In solid state physics
(and related applied fields), the band gap
is the energy difference between the top of the valence band
and the bottom of the conduction band
in insulators and semiconductors
. It is often spelt "bandgap".
See electrical conduction and semiconductor for a more detailed description of band structure.
The band gap of a semiconductor is important for a number of reasons. An intrinsic (pure) semiconductor's conductivity is strongly dependent on the band gap. This is because the only available carriers for conduction are the electrons which manage to get enough thermal energy to be excited from the valence band into the conduction band. From Fermi-Dirac statistics, the probability of these excitations occurring is proportional to:
- exp is the exponential function
- Eg is the band gap energy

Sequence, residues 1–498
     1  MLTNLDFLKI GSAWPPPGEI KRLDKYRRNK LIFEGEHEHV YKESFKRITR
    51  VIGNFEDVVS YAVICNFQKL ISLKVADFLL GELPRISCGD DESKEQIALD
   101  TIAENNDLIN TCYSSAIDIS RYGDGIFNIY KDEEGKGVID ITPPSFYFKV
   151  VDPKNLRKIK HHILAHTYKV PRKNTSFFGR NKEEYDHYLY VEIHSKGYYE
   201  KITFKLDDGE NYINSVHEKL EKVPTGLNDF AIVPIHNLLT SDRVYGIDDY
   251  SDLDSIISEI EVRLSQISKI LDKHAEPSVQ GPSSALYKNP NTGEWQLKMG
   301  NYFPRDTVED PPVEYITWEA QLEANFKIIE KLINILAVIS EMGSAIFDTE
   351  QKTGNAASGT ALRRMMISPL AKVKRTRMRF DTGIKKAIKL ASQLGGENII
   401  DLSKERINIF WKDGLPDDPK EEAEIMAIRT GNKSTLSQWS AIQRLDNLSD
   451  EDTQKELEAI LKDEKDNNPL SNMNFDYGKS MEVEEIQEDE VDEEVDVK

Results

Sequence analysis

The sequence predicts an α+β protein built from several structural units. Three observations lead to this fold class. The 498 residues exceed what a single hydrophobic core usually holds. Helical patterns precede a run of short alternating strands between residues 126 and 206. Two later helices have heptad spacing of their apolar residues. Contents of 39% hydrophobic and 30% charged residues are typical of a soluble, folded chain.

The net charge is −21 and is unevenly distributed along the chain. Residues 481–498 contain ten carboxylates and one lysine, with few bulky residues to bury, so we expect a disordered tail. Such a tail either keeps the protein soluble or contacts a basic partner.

- k is Boltzmann's constant
- T is temperature
In many devices this kind of conductivity is undesirable, and larger bandgap materials give better performance. In infrared
photodiodes, a small band gap semiconductor is used to allow detection of low-energy photons. The ability to tailor the bandgap of a device is possible in semiconductor alloys (such as GaAlAs, InGaAs, InAlAs, etc...), and is sometimes referred to as bandgap engineering. This is exploited in the design of heterojunction bipolar transistors (HBTs) and laser diodes.
|Common materials at room temperature|
The difference between semiconductors and insulators is rather ambiguous. Indeed, according to one definition, a semiconductor is a type of insulator. In general, a material with a sufficiently large band gap will be an insulator. The figure of 3 eV is sometimes given. Mobility also plays a role in determining a material's informal classification.
Band gap decreases with increasing temperature, in a process related to thermal expansion. Bandgaps can be either direct or indirect bandgapss.
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